Sacha had bolted at the first opportunity to leave. Alberto felt betrayed.

‘Sacha has the nose, but what can I say, she could have had it all but this was not enough.’

‘I was saddened when my eldest daughter left, but in so doing I discovered the hidden talents of my younger child.’ His smile deepens the wrinkles around his tired eyes. ‘I do apologise Ms Fox; this has not been an unconventional meeting.’

‘I am keen to see your cellar Mr Pozzi, and I am pleased to have discovered an absorbing wine that I would like to follow.’ She said helping herself to another piece of cheese and a datte.

 ‘That is the problem.’ Alberto looked down his smile gone, he ran his hand through his hair. ‘I am not sure you can follow.’

 

He had thought it was nothing when he smacked his head on the arm of the corking machine down in the cellar six weeks ago. He felt the warm trickle of blood and the taste of metal in his mouth.  Alberto had sat at the kitchen table for days, his head raced, he felt sick. The pot of beeswax on the dresser, open, the pears on the table, sliced, the soup on the stove, simmering,  and yet if he closed eyes and breathed deeply they might well have been not there. He could not even go to the cellar that had such a distinct odour but was not just clinical.

Doctori Citroni, the village physician, aged and used to the benign conditions treated with paracetamol or antibiotics appeared at a loss when Alberto dropped into his surgery a week later. True, the knock to the head may be responsible, but the Doctori had little experience in this area. He knew his limitations, and it is for this reasons he acquired the name of the top specialist and referred his patients. Citroni prescribed a battery of test and a name of a specialist in Milan. He advised Alberto to wait a few more days, in his experience, most ailments got better in that time. 

During the next fortnight, Alberto occupied himself as best he could, he focused on menial jobs. He loathed it, but he could not afford to make any mistakes down in the cellar. He avoided his daughter Rosa, dismissing her when she called for his expertise to identify the level of fermentation of a vat.  Reluctantly and after much reflection, Alberto dialed the Milan number to schedule an appointment.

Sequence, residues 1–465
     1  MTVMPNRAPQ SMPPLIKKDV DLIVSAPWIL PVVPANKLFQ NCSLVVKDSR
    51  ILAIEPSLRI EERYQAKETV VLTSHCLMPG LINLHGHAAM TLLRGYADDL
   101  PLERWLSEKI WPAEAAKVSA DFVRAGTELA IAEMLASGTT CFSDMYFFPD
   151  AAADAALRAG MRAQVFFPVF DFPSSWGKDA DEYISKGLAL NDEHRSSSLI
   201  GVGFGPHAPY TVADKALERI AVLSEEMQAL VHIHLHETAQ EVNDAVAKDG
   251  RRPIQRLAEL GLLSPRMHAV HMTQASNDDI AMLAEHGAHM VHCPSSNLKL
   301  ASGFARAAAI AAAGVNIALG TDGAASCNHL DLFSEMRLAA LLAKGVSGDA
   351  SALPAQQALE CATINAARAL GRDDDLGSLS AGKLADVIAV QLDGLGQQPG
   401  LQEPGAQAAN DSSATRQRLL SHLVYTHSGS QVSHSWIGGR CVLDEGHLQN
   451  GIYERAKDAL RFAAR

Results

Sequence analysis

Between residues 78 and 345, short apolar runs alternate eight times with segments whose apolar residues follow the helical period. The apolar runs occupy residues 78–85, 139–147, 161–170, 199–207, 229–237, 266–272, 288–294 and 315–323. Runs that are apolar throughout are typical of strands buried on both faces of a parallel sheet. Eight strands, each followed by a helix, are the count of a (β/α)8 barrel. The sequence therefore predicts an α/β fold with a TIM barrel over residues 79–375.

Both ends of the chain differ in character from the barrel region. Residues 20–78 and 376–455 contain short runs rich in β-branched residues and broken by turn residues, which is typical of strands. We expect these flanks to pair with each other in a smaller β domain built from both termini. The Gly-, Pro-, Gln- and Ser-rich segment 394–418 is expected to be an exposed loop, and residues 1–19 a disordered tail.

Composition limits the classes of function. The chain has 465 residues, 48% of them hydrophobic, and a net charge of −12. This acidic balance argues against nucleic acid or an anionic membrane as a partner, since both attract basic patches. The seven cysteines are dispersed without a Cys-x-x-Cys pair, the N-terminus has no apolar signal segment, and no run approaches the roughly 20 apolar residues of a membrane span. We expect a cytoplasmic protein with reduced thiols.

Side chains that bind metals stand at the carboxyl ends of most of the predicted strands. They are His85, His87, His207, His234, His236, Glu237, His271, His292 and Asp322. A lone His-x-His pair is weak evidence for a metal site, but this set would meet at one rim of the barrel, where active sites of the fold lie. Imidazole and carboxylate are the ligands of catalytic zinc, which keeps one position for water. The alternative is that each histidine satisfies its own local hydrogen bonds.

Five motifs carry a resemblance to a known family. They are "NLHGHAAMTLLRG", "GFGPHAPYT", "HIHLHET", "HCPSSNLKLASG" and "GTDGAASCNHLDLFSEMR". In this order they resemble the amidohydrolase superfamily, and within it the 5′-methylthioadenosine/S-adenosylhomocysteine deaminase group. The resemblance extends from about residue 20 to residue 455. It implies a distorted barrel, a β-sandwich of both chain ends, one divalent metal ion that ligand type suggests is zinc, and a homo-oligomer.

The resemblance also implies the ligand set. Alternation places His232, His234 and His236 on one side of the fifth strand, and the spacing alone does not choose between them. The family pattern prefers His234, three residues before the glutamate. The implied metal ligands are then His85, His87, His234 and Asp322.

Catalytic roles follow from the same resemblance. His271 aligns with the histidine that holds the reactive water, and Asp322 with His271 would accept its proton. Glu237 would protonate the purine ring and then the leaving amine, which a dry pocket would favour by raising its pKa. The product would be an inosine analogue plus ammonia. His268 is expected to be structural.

Traveling by train he set off early, unfamiliar with the large city and eager to arrive promptly. The sunrise was glorious, and he reveled in the spectacle from the carriage window. Alberto had never noticed the colours of the clouds as sunlight hit them from beneath. Form the central station he walked with determination the remaining distance. The stark visual contrast of the city from his vineyards made him momentarily forget the reason for his visit. He crossed the Parco Sempione and lingered to watch the morning joggers and dog walkers. His life had been dedicated to the work of vines, up early, out in all elements, if this was lost who was he? He felt fear within, unsure if he could face the diagnosis and its implication.

The specialist carried out further tests including a CT scan. He had to return the following week, this time he spent the rest of the day discovering the city, he climbed the Cathedral steps and at the top was amazed to see the white capped mountains in the distance, he ambled into the Victorian shopping arcade and mused at the clothes in the windows of the designer shops, he discovered the bull in the mosaic floor. They say that if you place your right heel on his testicles and turn three times it will bring you luck. The mosaic pieces of the testicles are long gone. He places his foot where thousands have done so before him and turned.

The Specialist in Milan confirmed that the knock to the head had caused sensory deprivation.  As for the prognosis, this remained vague. Patients often regain the lost senses after some time, weeks or months, a year, there was hope. Time would tell.

 

‘I guess my wall has come down. I have no idea what is on the other side.  So to answer your question on forecast, I just don’t know.’

It was now dark, the waning moon shone brightly in a starry sky. 

‘I am assuming I am the first to know?’

‘Si, Rosa was so excited about your visit; I thought that maybe I could pull it off. I could just continue and find a way.’ He took another gulp from the wine. ‘But I can’t.’